When Monty Brogan (Edward Norton) stares at himself in the mirror, he can only feel disgusted, betrayed, and defeated. He begins to curse out every race and creed in New York City. He truly sees how ugly the people of New York can be; because tomorrow, Monty Brogan is going to prison.
Spike Lee's "25th Hour" takes us back to the aftermath of the September 11th attacks. We are reminded of life in the weeks following, when flowers and teddy bears still littered the streets, and novelty "Bin Laden Wanted" signs hung in every office.
Starting tomorrow, Monty will begin serving his seven year prison sentence for possessing a kilo of cocaine in his apartment. The crotch kicker comes in the beginning when we learn that Monty was almost out of the business. He was ready to take his profits and walk out--from the drugs and his association with the Russian Mafia. But his greed kept him in the circle, and as he admits, he would probably still be doing it had he not been caught.
But someone snitched and led the authorities to his apartment. His life hits rock bottom, but he's still in good company, especially in the care of his father, James (Brian Cox) and his girlfriend, Naturelle (Rosario Dawson). He also has two faithful friends, Jacob Elinsky (Philip Seymour Hoffman), a high school English teacher, and Frank Slaughtery (Barry Pepper), a lively stock trader.
It is possible that one of the aforementioned was the one who alerted the authorities that led to Monty's capture and prison sentence. Naturelle is quickly labeled a suspect, because she can enjoy Monty's nice apartment and left-over fortunes with him locked up. But Monty isn't that concerned about who got him into his mess. He just wants to spend his last day of freedom with the people close to him.
Before the group spends one final night out on the town together, we see the supporting characters in their line of work. Frank is an energetic stock trader with the money to back up his reputation. I expected him to be the cold character, but instead he offers the right support to a friend who will never be the same when 7 years pass. Monty's other best friend is Jacob, a shy and confidence-lacking high school English teacher. He is attracted to one of his students, Mary D'Annunzio (Anna Paquin), but isn't a sexual predator like many real-life sleazy teachers. In one scene he confesses, telling Frank that he isn't a pervert. He just has an undeniable attraction to Mary.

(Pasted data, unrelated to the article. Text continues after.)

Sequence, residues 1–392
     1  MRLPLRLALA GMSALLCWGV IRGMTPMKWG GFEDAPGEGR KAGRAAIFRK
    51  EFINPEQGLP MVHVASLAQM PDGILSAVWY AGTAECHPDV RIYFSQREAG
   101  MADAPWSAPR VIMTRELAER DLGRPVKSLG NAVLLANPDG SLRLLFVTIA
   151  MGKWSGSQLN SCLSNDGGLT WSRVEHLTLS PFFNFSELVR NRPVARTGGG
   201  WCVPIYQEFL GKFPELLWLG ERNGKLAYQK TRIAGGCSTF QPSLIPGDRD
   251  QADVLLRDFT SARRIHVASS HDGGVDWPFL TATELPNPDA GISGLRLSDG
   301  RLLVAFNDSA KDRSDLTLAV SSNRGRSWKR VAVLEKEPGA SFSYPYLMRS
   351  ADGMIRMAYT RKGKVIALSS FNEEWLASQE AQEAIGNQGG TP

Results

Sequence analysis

The screenplay was written by David Benioff. He also wrote the novel, before September 11. The addition of the elements from that tragic Tuesday morning fit perfectly. We all lost something that day, and we all had to make an adjustment in our lives, even if it only meant putting the events behind us. For Monty, his loss is freedom, and his adjustment will be seven years of prison.
Monty dreads prison, not because he will lose seven years of his life at prime, but because he may not survive being the pretty boy that he is. In one moving scene, he has his friend Frank do the unthinkable, beat the living hell out of him so he won't be attractive to prospective rapists. His request of Jacob isn't half as bad. All he has to do is look out for his dog Doyle, a vicious canine who nearly bled to death before Monty rescued him. The name Doyle comes from mafia partner Novotny, who mistakenly replaces Murphy when using the phrase, 'Doyle's Law.' Novotny is played by first-time actor Tony Siragusa of the Super Bowl Champion Baltimore Ravens, and fits well as the oversized mafia goon.
The acting is top-notch, thanks to a strong cast led by, in my opinion, Barry Pepper. He played a similar role in "Knockaround Guys," and continues the trend of being a loyal companion. Norton shines again, taking charge of his role the way he did in "Red Dragon." Anna Paquin doesn't struggle as the sexy and seductive student who plays a key role in the nightclub scene.
As the night quickly becomes the following morning, Monty takes Naturelle and his friends to a nightclub where he is known, and they are treated in the VIP lounge. Before entering the club, Jacob is spotted by Mary who uses him to get into the overcrowded club. We don't know if she purposely takes advantage of the weak Jacob, and we don't know if she knows that he is attracted to her until the scene where we see her priceless facial expression after he kisses her in the bathroom.
There is no resolve to the student/teacher relationship sub-plot as well as many others. Maybe that's because there is no resolve for Monty's character. There is no payoff for him so it seems only appropriate to not see a happy ending in everyone else's tale. But I don't believe Lee purposely neglected the paralleling stories. He was too concentrated on Monty's struggle, which led to the other characters getting shortchanged.
"25th Hour" is a great movie that isn't afraid to step out of bounds. Few movies to this date have touched the September 11th events, and I wouldn't be surprised if this film hadn't either if it weren't a Spike Lee Joint. Lee is also fearless when it comes to racism, but he does his work elegantly as we see in the scene I mentioned earlier where Monty is cursing out every group. They all get the F-word, they all receive his spit. He even tags the Enron executives, partners who are possibly 10 times worse than any lowly drug dealer who doesn't rob his clients and the nation for billions of dollars.
It was a sad period to see the movie come to an end. Monty is being driven to prison by his father, who gives him one last chance at freedom. He tells his son that he can run while he has the chance; to move west and start anew. Brian Cox's narration adds the finishing touch to the finale of "25th Hour"--A father gives his son inspiration and a new hope in life.